Thursday, 5 August 2010

The Value of Hardening

In my last post I looked at projects suffering with large amounts of technical debt and ever slowing velocities. One solution that one of these projects put forward was to undertake one (or perhaps more) hardening sprints. In these sprints, all teams would stop development of new functionality and focus on two things:
  • Fixing as many of the outstanding defects as possible
  • Addressing and improving the areas of the code that exhibit the largest clusters of defects
I want to question the validity of this approach as I think it offers very little value and doesn't solve the longer term problems associated with technical debt and reduced productivity.

Firstly, all code will contain some defects. Even the best code created using TDD principles will still have the occasional defect. These sort of defects can be easily addressed in the normal sprint mechanism - just get the business to prioritise them correctly along with the user stories and they will get resolved. No need to a dedicated sprint to fix these.

Secondly, we look at the defect clusters. The problem comes with trying to fix defect clusters and improve the code in a single hardening sprint. My feeling is that this is just a papering over the cracks, which, while perhaps offering some quick wins, fails to address the underlying causes of those cracks.

In most applications, defect clusters occur for one of two key reasons:
  • The product has been crammed with too many features without sufficient refactoring of the architecture and code. The net result is that the code is now too complex, poorly structured and difficult to maintain. Adding new features is significantly more likely to break other features that were working.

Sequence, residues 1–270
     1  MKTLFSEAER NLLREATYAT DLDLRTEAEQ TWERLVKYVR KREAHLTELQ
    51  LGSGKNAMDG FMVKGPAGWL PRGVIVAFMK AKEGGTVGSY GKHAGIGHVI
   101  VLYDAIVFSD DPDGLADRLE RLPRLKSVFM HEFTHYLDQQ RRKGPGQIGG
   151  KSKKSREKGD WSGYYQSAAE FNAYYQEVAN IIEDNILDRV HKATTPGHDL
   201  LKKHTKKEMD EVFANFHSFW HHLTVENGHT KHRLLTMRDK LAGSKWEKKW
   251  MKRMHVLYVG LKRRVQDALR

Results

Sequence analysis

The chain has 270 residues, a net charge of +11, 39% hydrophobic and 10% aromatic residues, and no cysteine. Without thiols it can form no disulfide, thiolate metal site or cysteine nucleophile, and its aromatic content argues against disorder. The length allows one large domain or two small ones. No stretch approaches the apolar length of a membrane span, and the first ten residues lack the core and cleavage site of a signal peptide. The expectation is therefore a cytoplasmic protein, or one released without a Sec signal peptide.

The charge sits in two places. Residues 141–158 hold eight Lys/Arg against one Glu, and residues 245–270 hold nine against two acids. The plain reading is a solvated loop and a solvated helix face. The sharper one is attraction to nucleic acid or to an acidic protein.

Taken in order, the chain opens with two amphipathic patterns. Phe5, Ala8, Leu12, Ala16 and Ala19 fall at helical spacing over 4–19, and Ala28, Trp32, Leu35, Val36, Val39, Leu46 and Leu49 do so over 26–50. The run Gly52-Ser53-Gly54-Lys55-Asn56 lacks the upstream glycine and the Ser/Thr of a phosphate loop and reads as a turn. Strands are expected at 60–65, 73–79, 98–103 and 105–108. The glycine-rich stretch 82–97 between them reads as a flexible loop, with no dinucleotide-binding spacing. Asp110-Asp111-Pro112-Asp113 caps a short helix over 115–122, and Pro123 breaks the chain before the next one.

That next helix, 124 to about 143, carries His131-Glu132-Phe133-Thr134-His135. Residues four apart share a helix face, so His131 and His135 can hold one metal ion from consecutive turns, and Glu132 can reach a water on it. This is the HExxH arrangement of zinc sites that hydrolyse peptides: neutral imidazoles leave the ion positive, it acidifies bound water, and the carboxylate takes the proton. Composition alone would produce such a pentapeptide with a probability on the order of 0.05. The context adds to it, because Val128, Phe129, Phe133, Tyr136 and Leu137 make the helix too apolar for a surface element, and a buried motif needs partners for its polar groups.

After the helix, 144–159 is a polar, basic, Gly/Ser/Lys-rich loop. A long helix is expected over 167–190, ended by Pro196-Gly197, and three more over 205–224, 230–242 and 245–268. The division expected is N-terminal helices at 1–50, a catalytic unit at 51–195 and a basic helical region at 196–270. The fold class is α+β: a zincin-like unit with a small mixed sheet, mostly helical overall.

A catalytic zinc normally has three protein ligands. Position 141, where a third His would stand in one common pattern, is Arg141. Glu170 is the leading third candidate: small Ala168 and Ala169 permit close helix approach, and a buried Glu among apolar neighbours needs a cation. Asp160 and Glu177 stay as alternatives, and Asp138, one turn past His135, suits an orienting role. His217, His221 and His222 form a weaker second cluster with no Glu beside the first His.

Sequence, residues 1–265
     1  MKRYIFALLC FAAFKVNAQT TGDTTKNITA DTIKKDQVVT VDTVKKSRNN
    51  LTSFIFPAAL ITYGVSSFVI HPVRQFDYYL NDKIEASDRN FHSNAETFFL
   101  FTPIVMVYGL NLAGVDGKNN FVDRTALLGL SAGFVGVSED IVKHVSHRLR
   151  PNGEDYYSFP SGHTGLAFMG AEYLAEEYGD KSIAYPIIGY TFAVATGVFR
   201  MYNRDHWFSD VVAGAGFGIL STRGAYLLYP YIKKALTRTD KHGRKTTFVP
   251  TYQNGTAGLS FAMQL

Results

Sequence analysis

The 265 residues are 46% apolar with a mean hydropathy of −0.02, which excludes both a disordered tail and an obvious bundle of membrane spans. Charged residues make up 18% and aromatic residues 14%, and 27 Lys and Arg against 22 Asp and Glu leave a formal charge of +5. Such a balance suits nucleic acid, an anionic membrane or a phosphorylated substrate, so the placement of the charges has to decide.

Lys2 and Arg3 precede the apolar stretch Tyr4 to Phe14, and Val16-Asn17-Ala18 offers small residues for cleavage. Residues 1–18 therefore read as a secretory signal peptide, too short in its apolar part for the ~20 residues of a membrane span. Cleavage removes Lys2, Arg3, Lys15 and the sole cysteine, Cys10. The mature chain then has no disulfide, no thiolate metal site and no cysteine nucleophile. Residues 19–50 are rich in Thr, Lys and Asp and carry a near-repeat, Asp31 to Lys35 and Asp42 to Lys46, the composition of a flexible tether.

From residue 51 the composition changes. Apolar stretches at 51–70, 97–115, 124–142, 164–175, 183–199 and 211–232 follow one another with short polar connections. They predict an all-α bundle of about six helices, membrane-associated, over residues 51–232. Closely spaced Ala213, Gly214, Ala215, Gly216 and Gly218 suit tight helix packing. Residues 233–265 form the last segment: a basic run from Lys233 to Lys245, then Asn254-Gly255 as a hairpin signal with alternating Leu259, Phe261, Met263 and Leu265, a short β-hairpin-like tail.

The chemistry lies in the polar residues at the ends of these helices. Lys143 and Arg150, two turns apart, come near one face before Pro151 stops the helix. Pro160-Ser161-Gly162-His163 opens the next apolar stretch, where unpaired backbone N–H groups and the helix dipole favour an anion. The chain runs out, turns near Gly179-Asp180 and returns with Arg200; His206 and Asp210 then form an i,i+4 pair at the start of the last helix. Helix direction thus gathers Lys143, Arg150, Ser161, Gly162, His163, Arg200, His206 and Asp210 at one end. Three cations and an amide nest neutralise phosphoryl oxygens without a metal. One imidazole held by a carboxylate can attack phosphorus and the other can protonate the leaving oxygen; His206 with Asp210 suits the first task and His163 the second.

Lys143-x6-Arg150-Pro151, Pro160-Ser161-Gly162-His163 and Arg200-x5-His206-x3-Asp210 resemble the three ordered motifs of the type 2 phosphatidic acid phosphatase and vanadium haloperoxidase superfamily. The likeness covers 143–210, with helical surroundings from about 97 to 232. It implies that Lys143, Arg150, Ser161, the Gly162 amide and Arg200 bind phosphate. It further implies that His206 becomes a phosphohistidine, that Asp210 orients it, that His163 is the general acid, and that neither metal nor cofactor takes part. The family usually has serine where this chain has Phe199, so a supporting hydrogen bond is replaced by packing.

• An initial rough architecture and code base was rushed through to meet a deadline and has not been sufficiently refactored prior to trying to scale it up - resulting in poor performance and reliability.
In the first case, trying to fix defects doesn't resolve the underlying complexity issues. In fact, fixing one defect is significantly likely to introduce other defects - especially if the automated test are lacking (common in projects that have reached this state).

Additionally, trying to make smaller fixes and refactorings to this complex code initially results in less stability and higher defect discovery rates. Given the aim of a hardening sprint is to make the product more stable and bullet-proof, these refactorings and small improvements actually can have a negative effect on quality in the short term.

In the second case, trying to address performance and stability in a single sprint just won't work. Achieving highly reliable and performant code can only be met through an in-grained philosophy in the project. All code must be well written, well tested and proved performant as part of its development. Taking some existing code and trying to tweak it to make it so is largely a futile effort.

Given the above, there seems little value to a hardening sprint (or sprints). A much better approach would be to correctly plan out technical debt into a number of DETAILED stories. These should address reducing the complexity of architecture and code in a structured way, refactoring code in a more structured way, improving the thinking about scalability and improving project focus and processes to increase quality, reliability and performance of architectures and code. The business should then be forced to prioritise these above new functionality for inclusion in the ordinary sprint process.

This approach prevents the short-term, quick fix mentality of hardening sprints. These sprints consume large amounts of resource, produce only surface improvements and leave all the fundamental problems intact, while at the same time fooling the business into thinking that things are improving. Never a good combination.

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